1. These two Letters Patent Appeals arise out of two original suits, O. S. No. 24 of 1920 & O. S. No. 823 of 1918 on the file of the Court of the District Munsif of Kovur. Both suits were tried together. The plaintiffs sued to recover principal and interest on two mortgage bonds executed in their favour. The mortgage bonds are couched more or less in the same language. The principal amounts are made payable in various instalments with interest at 18 per cent per annum. Then the documents contain further a stipulation that:
If payments are not made for 1-2 instalments according to the prescribed time, and if any default is made, we shall pay the same with compound interest at the said rate on the whole amount of principal and interest due on the date of default (see Ex. B in O. S. No. 823 of 18).
2. Default having been made in the payment at the end of the first instalment, the plaintiffs claimed to enforce the stipulation for the payment of the compound interest contained in the bonds. The only question argued before us is whether the stipulation for payment of compound interest in these circumstances is penal under Section 74, Indian Contract Act. The learned Judge, Phillips, J., was of opinion that the stipulation is penal.
3. On behalf of the plaintiffs-appellants it is argued that the opinion of the learned Judge is wrong and that the stipulation in the documents only amounts to a provision to pay compound interest from the date of default at the same rate as the simple interest and it does not amount to a penalty within the meaning of Section 74, Indian Contract Act. We must accept this argument. The provisions in the documents, reinterest are for the payment of compound interest at the same rate as the simple interest and take effect only from the dates of default and not from the dates of the bonds. It has been held in a series of cases in this Court and also in the Privy Council that such stipulations are not penal and can be enforced: see Malli Chettiar v. Veeranna Thevan A. I. R. 1921 Mad. 378 Ananjaperumal Konar v. Pichamuthu Nadar A. I. R. 1925 Mad. 332 Ramalinga Chettiar v. Subramania Chettiar A. I. R. 1927 Mad. 620 and Sundar Koer v. Rai Sham Kishar (1907) 34 Cal. 150 The fact that in the event of the non-payment of the first instalment the remaining instalments of the principal amount also fall due at once, and this is the only feature which distinguishes these cases from the ordinary cases of payment of compound interest at the same rate as the simple interest from the date of default, does not in our opinion, make any difference as regards the application of the principle we have referred to. Section 74, Indian Contract Act, makes it clear that where money is payable in instalments with a stipulation that,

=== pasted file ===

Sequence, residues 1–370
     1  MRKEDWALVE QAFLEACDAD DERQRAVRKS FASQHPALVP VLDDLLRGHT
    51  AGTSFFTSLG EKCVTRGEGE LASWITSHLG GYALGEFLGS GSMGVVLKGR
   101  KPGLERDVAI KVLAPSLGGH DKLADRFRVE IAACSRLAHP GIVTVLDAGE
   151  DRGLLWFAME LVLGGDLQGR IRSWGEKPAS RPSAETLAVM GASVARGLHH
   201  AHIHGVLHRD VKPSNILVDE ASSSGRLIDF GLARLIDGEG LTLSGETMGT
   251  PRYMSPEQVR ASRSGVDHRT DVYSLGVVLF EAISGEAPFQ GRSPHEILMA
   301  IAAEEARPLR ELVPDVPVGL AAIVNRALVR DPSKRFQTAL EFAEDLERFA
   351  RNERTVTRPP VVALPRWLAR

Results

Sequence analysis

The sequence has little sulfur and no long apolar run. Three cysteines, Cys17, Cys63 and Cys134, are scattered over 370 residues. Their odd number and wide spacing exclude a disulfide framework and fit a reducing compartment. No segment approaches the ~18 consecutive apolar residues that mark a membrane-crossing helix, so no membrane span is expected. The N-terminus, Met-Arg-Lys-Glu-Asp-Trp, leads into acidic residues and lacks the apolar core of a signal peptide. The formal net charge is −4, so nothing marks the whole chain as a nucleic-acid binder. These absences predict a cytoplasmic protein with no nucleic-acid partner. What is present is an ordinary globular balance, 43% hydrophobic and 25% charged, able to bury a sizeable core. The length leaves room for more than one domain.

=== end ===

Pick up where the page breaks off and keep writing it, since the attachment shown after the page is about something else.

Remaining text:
in default of payment of any instalment, the whole shall become due, the stipulation is not by way of penalty and the contract may be enforced according to its term: see illustration (f):
4. We think therefore that the provisions in these documents regarding payment of principal and interest only amount to payment of compound interest at the same rate as the simple interest on the total amount due under the documents in the event of default of payment of any instalment, the payments of such compound interest starting only from the dates of default and not from the dates of the bonds. In this view the stipulations are not penal.
5. In our opinion, the amount of 18 per cent compound interest is not a high percentage of interest considering the state of the money market. Higher rates have been allowed by the Privy Council. Even if the stipulations are penal, we have no hesitation in awarding the same rate by way of compensation under Section 74, Indian Contract Act. In this connexion we may point out that the defendants pleaded discharge and produced receipts, which have been found to be false by the lower Courts.
6. In the result we must modify the judgments and decrees passed by the learned Judge by allowing the plaintiffs compound interest as prayed for in the plaint with costs throughout.